The resistance of automotive tires to rolling eats up anywhere from 20% to 50% of the energy used by the car. So if auto and tire engineers could cut the rolling resistance in passenger-car tires by 10%, gas mileage would improve by 3%.
But what contributes to rolling resistance? Experts say that 1% to 5% of it stems from aerodynamic drag. Another 9% to 10% comes from road friction. And the remaining 85% to 95% is due to internal friction or hysteresis of materials. Engineers cannot do much about aerodynamic losses, and some degree of road friction is needed to keep cars and trucks on the road and not sliding off of them. That’s why they concentrate on hysteresis losses, those caused chiefly by the flexing or the tire materials as the vehicle moves, to cut rolling resistance.
Here are several of the most critical factors to hysteretic losses and what could be done to reduce them along with rolling resistance.
Load: Road resistance increases directly with load. The coefficient is 0.01. This means a 1,000-lb increase in a car’s load will increase rolling resistance by 10 lb. Reducing this component of resistance depends more on vehicle weight than the tires.
Slip Angle: The angle between the plane of the tire and the direction the car is traveling is called the slip or scrub angle. It can increase when a car takes a corner. The greater the slip angle, the higher the rolling resistance. Toe-in, the amount the plane of the front wheels are angled toward the vehicles centerline, improves driving stability but adds to rolling resistance. Little can be done to lower the resistance caused by slip angle other than to ensure the car’s wheels stay properly aligned.
Speed: Between 5 and 55 mph, rolling resistance only goes up by about 1 lb. But above those speeds, tires contribute more to rolling resistance. Therefore, lower speed limits might help.
Time-to-reach equilibrium: Tires have their lowest rolling resistance for a given set of operating conditions when the tire is in thermal equilibrium. This means the heat generated by internal friction is offset by the cooling effects of the tire moving through the air. It takes a while for equilibrium to be established, but when it does, rolling resistance drops by 30%. Unfortunately, most car trips are less than 20 minutes long, too short a period for tires to reach equilibrium.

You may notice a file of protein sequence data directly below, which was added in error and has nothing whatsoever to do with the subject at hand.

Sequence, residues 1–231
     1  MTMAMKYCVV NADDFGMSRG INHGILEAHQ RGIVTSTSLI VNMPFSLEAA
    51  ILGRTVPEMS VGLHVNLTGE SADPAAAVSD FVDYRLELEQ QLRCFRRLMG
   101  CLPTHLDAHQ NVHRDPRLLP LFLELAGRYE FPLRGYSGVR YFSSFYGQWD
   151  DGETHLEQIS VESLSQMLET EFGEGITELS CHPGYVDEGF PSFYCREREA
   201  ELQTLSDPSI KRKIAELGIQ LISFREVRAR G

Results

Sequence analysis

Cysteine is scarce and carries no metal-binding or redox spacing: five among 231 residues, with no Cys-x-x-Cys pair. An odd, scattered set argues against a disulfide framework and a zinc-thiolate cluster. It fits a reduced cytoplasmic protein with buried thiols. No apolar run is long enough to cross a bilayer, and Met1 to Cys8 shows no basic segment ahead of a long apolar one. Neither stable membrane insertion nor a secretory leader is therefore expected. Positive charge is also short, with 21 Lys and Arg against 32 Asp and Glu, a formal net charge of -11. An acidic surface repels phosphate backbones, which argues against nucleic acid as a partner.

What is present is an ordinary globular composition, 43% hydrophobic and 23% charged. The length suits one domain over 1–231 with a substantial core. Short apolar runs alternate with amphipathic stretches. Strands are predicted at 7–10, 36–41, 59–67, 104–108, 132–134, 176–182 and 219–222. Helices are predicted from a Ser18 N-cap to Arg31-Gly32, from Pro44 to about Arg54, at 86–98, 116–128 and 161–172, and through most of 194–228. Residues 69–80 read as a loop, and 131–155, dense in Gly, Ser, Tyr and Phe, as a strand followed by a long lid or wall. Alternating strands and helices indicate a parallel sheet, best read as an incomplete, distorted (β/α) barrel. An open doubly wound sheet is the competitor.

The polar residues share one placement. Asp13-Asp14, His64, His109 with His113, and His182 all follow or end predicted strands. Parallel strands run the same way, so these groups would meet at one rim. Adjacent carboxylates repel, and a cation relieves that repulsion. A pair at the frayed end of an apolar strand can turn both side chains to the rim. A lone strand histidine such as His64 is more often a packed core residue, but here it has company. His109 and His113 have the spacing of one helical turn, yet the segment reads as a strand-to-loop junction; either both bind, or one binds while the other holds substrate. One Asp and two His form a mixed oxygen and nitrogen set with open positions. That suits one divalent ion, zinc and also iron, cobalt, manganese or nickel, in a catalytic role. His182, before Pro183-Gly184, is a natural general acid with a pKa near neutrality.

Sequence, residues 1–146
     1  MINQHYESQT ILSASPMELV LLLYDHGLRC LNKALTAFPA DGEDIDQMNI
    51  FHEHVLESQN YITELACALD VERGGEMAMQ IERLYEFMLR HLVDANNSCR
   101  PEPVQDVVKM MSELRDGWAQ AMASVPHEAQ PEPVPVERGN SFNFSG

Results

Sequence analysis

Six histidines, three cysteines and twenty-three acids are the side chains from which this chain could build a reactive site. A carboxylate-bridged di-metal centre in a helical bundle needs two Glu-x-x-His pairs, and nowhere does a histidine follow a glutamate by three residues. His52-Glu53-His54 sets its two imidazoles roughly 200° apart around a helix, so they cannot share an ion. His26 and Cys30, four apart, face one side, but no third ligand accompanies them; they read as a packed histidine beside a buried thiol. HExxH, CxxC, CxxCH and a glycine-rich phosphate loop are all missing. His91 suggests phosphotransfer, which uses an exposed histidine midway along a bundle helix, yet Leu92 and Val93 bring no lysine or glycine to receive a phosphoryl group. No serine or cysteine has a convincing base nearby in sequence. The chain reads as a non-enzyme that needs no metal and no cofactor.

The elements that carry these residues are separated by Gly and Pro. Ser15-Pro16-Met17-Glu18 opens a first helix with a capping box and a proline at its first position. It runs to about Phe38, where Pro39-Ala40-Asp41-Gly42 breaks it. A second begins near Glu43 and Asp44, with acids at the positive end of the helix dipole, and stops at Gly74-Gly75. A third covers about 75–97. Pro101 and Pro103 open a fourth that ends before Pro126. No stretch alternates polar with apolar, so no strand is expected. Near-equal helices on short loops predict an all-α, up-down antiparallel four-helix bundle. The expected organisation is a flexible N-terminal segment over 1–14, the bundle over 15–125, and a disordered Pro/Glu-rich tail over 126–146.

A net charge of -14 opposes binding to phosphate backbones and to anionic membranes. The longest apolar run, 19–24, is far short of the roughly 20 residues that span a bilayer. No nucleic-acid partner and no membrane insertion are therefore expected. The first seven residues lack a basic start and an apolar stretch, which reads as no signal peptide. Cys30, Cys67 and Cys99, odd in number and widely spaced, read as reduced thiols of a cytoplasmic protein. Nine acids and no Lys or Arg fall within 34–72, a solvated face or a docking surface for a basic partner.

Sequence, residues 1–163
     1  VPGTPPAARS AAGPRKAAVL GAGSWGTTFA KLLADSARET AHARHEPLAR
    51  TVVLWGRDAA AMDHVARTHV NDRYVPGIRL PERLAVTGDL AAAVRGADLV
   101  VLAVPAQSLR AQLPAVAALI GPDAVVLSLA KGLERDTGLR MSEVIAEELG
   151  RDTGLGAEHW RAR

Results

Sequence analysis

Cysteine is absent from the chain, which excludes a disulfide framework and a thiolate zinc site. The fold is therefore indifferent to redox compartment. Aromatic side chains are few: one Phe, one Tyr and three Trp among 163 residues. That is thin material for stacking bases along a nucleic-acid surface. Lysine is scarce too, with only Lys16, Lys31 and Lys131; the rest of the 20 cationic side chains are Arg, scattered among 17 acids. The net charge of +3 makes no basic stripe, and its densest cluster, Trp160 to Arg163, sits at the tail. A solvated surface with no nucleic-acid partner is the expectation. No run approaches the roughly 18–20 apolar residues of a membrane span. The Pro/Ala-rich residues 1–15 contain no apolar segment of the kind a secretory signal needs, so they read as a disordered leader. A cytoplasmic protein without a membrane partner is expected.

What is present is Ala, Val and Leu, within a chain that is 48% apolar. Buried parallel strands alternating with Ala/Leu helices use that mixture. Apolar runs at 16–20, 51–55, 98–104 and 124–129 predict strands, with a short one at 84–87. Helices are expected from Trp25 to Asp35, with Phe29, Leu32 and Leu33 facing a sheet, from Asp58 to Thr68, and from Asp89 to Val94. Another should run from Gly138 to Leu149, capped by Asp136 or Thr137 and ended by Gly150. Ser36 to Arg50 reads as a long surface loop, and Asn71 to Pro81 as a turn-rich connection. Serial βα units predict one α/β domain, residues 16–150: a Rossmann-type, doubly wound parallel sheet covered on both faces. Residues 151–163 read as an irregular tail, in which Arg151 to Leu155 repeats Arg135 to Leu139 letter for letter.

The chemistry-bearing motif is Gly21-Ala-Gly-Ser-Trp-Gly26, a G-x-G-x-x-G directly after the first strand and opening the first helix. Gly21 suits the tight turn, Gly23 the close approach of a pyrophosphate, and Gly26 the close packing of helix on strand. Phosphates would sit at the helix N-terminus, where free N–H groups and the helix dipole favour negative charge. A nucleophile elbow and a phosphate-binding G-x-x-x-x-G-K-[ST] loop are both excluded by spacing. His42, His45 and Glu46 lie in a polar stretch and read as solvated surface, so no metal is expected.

Changing tire designs so that equilibrium is established sooner may be a practical approach. Or it might be practical to make tires rated for short-trip city driving and different ones for freeway driving.
Tread depth: Rolling resistance decreases as a tire wears. That’s because as the amount of tire material that flexes and then rebounds is reduced, so to do hysteretic losses. Unfortunately, many adverse factors affect wear and engineers cannot take advantage of them to reduce rolling resistance.
Torque: A tire’s rolling resistance decreases when under a slight amount of torque. Therefore, tires have less rolling resistance when accelerating or decelerating. Engineers can do little to exploit this factor in passenger cars, but it might be used on trucks. For example, a dual-axle truck would have lower rolling resistance if both axles were driven. But the benefits of less rolling resistance would have to compensate for frictional losses in a more complex drive train.
Then there’s the road itself: A significant cause of rolling resistance that has yet to be fully addressed is road deflection. All vehicles press down on the roads they travel on, deflecting or pushing it down. This means tires are always going up a slight but continuous hill. For concrete highways, they deflection is about 0.03 in. For cold asphalt, it climbs to 0.06 in. And for hot asphalt, it can be as high as 1 in.